U.S. Homebuilders' Sentiment Slips as Buyers Hunker Downby
Builders stay fairly confident, while struggling to cut costs
Confidence declined most in Northeast, held steady in West
Confidence among U.S. homebuilders dropped in February as rising interest rates damped the market’s optimism, according to data Wednesday from the National Association of Home Builders/Wells Fargo.
- Builder sentiment gauge slipped to 65 (forecast was 67) from 67 in Jan.; readings above 50 indicate more respondents report good market conditions
- Current sales measure dropped to 71 from 72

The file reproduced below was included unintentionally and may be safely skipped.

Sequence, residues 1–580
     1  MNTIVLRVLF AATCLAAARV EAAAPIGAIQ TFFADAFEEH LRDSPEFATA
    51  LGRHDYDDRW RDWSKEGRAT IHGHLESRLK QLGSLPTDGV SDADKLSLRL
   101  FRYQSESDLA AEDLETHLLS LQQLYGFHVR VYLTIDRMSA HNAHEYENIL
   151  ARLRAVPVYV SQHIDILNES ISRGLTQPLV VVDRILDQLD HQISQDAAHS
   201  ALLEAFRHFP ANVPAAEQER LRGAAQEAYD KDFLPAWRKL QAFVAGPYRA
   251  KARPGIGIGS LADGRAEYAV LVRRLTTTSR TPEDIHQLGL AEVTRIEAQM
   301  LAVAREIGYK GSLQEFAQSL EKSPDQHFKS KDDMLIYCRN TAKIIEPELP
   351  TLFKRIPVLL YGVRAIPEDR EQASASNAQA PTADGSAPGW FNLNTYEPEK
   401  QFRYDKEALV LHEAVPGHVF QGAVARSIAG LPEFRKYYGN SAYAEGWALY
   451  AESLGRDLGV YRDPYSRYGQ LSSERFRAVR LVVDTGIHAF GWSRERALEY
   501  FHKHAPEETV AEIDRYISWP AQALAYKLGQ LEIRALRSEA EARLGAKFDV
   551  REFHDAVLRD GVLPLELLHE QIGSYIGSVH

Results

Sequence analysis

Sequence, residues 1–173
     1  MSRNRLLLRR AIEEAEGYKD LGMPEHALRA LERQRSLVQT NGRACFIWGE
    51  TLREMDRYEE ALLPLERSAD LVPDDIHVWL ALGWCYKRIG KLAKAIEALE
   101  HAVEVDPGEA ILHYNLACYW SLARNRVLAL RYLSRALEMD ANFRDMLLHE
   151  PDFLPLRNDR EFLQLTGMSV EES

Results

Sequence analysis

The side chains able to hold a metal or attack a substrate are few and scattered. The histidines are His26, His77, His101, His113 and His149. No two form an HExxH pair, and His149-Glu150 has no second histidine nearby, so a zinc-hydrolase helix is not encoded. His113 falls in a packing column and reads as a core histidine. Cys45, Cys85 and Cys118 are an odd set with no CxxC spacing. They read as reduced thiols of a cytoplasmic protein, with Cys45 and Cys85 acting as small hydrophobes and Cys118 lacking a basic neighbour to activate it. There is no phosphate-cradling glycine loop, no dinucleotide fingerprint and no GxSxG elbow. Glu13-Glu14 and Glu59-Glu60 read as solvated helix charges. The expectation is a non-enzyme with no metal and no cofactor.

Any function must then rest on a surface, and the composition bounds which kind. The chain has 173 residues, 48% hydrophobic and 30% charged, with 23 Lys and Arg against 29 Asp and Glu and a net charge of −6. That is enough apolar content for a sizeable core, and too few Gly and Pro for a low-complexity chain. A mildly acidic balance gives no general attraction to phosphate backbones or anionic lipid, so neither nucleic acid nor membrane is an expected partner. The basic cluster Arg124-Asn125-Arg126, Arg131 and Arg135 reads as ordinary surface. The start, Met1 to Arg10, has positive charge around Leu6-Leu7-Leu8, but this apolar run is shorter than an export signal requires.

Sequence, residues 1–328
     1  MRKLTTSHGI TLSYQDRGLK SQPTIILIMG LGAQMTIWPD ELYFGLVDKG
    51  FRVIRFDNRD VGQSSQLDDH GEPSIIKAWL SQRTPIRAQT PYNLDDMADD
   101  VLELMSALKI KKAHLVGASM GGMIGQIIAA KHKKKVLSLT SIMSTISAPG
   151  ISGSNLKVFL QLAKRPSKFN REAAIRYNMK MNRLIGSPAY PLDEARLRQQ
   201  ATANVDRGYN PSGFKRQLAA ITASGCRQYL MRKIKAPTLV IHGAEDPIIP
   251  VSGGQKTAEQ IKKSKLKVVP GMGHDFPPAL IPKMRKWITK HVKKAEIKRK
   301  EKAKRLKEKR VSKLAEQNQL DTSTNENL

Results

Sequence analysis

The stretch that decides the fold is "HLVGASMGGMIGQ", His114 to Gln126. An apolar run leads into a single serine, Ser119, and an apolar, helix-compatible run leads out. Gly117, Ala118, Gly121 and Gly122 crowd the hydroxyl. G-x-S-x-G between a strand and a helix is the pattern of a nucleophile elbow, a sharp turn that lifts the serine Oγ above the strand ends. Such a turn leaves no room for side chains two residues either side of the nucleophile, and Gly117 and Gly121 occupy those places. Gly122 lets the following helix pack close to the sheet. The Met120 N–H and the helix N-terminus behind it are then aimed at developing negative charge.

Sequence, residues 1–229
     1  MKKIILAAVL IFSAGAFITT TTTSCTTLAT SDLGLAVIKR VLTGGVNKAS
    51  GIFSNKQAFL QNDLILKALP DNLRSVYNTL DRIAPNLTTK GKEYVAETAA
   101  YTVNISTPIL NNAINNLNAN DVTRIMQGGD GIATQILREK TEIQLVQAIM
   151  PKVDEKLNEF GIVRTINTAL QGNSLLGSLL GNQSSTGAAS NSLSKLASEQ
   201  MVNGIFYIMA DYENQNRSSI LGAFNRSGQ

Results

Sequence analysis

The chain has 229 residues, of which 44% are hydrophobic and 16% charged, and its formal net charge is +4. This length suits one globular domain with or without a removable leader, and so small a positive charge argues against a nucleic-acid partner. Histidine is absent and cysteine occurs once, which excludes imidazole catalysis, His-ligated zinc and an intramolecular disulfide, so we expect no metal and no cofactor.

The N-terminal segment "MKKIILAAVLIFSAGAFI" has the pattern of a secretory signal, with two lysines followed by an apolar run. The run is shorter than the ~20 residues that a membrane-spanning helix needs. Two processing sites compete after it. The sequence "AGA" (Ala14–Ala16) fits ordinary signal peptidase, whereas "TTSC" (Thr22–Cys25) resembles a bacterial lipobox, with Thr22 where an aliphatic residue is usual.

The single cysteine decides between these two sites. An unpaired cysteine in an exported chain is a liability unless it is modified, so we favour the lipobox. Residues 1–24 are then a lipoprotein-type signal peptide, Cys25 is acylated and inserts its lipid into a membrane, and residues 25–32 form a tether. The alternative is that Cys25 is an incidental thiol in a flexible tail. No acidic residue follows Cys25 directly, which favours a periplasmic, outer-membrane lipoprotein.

- Gauge of prospective buyer traffic at 46 after 51
- Six-month sales outlook index fell to 73 from 76
After adjusting from a post-election jump, homebuilders continue to be pretty confident. With the Trump administration and Republican Congress vowing to cut regulation, developers are hopeful it will become easier to buy or build a home. While this mirrors enthusiasm in other sectors of the economy, a continued rise in mortgage rates would curb optimism.
“With much of the decline this month resulting from a decrease in buyer traffic, builders continue to struggle to minimize costs while dealing with supply side challenges such as a lack of developed lots and labor shortages,” NAHB Chief Economist Robert Dietz said in a statement. “Despite these constraints, the overall housing market fundamentals remain strong and we expect to see continued growth this year as some of these concerns are addressed.”
- Confidence held steady in the West
- Sentiment fell the most in the Northeast, and also dropped in the Midwest and South